HBPO showcases joint project with MANN + HUMMEL at the IAA

The Lippstadt-based automotive supplier HBPO is exhibiting at the IAA this year once again, and presenting a world first, jointly developed with partner MANN + HUMMEL. The two companies have designed a particulate filter that can be integrated directly in the front-end module. This ensures that vehicles with combustion engines have a particulate emission level comparable with electric vehicles.

There have never been filters for direct integration in the vehicle front-end available before. The particulate matter produced by other road users is trapped directly by a filter.

The filter was developed by MANN + HUMMEL – long-standing partner supplier of HBPO – in collaboration with the global market leader from Lippstadt. HBPO was then responsible for integration in the front-end module. “There is not a great deal of space in the vehicle front-end – we have to make clever use of the design space,” explains Guido Opperbeck, Manager Research & Development at HBPO. The flexible filter elements from MANN+HUMMEL are integrated between the radiator and bumper. An active air control system between these regulates the thermal management and optimises the CD value by intelligent opening and closing of the air flaps.

Ultimately, the particulate matter balance of every vehicle thus equipped can be improved. With the new development, vehicles with combustion engines could achieve the particulate matter balance of a purely electric powered vehicle.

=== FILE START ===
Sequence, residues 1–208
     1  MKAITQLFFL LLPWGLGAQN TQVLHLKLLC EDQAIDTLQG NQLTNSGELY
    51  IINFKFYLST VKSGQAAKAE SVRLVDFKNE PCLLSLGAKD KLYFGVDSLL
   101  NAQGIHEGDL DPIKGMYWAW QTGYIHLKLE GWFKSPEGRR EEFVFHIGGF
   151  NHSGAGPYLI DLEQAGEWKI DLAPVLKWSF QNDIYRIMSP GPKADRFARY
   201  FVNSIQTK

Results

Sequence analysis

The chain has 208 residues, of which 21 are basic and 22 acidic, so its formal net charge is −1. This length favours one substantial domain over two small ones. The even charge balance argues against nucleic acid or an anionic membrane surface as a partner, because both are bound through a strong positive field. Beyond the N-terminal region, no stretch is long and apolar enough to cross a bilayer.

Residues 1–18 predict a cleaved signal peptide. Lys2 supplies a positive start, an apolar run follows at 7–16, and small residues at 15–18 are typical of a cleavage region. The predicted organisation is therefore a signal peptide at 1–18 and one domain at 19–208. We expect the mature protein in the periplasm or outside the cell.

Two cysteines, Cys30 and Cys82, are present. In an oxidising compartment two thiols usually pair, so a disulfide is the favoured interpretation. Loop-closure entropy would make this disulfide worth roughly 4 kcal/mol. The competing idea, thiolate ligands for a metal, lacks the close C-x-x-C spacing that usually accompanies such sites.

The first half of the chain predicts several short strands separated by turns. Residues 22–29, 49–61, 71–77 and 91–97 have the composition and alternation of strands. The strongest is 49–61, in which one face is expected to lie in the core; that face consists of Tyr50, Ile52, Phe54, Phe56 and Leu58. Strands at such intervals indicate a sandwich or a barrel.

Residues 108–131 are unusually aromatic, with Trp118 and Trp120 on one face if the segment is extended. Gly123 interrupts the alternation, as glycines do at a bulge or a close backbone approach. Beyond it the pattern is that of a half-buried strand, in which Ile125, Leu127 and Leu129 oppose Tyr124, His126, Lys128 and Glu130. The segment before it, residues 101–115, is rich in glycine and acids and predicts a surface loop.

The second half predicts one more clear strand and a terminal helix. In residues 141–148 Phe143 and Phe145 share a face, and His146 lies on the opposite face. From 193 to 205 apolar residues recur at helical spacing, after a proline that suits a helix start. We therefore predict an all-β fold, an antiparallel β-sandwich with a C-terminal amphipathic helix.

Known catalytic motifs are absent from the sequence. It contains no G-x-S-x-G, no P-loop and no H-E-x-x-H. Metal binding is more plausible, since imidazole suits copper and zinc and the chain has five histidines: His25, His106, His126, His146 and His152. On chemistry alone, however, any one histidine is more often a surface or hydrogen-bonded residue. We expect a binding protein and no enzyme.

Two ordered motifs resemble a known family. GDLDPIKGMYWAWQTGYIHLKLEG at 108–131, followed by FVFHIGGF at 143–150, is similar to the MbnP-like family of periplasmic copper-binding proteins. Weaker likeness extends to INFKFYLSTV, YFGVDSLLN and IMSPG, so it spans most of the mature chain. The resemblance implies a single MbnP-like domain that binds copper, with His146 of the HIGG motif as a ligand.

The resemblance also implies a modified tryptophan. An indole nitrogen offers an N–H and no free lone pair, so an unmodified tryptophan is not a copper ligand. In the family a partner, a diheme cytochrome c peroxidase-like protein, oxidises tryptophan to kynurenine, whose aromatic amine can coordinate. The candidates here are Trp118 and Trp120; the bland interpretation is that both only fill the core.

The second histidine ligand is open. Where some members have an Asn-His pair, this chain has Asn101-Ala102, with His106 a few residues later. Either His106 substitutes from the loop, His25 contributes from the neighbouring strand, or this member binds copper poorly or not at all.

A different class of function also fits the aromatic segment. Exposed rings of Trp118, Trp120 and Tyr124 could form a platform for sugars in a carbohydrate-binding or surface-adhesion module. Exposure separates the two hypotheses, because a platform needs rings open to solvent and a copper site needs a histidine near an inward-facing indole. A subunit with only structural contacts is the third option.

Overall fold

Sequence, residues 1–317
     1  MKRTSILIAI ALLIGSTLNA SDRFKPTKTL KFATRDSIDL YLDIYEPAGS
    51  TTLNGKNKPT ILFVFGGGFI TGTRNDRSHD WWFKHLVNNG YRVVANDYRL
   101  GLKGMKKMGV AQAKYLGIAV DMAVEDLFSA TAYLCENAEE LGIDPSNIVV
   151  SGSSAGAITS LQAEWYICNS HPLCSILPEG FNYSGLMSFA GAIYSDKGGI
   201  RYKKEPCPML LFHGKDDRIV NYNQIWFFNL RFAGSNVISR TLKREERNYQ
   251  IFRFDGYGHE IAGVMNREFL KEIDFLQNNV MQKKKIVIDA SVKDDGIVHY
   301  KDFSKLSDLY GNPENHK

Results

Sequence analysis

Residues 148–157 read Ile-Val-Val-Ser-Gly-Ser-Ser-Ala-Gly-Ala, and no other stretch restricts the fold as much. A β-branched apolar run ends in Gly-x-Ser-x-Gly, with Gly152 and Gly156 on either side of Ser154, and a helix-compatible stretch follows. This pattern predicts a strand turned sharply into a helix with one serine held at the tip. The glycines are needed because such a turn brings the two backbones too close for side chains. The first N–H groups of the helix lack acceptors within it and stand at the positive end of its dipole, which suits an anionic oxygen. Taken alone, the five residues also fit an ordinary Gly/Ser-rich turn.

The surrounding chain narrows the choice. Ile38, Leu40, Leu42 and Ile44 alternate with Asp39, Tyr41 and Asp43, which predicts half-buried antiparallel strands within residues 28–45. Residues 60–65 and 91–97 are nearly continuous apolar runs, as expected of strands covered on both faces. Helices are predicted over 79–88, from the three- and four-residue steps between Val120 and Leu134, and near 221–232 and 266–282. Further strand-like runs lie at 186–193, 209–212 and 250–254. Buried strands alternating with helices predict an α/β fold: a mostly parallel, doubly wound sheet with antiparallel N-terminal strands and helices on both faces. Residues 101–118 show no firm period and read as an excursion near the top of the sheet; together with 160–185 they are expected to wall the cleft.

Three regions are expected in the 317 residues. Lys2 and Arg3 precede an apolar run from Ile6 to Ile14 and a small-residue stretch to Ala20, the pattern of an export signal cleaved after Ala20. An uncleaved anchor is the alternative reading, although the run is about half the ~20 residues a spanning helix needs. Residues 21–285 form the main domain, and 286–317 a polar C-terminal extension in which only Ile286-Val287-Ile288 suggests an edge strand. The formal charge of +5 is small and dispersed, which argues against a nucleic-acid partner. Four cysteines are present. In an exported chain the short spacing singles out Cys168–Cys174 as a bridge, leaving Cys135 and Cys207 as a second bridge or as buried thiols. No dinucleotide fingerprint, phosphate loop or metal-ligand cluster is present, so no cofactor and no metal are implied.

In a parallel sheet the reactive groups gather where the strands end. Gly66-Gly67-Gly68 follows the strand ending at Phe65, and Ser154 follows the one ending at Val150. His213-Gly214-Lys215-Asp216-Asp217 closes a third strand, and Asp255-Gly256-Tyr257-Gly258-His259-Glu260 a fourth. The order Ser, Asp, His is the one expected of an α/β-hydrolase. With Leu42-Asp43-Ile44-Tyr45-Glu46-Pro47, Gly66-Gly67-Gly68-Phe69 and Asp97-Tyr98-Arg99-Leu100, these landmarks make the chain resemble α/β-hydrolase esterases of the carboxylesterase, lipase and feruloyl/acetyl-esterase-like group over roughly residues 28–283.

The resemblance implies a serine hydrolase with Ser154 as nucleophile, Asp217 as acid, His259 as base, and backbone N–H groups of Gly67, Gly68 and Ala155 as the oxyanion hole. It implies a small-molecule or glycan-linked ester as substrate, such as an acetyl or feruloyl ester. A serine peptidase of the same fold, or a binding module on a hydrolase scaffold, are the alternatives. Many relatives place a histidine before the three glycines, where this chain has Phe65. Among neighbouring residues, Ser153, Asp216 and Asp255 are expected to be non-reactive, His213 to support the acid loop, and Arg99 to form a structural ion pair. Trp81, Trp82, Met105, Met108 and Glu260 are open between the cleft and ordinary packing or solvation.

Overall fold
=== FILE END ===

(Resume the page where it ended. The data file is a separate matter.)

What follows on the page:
This is made possible by a powerful filter element that would have to be replaced regularly – during the annual inspection, for example. The replaceable element developed especially for this can be removed and replaced easily.

 

Commitment to better air quality

The particulate filter integrated in the front-end module has been designed for active and passive use. In passive mode, the system filters the air flowing through during travel and thus reduces the concentration of particulate matter. In active mode, the fan located behind the radiator increases the volume of air flowing through the filter and thus the filtration capacity. The aim is to achieve a vehicle emission balance even in passive mode on a par with the level of a purely electric vehicle in cities where the WHO limit of 50 micrograms per cubic metre is exceeded.

 

Intelligent systems could also use sensors to control the filter system in such a way that filtration capacity is regulated depending on ambient conditions and the related concentration of particulate matter. This way, optimum filtration capacity can be ensured in all situations, thus improving the particulate emission balance of the vehicle.

This world first is a solution for all vehicle categories, no matter which type of drive they have. It thus contributes to cleaner air and cleaner mobility in new vehicles.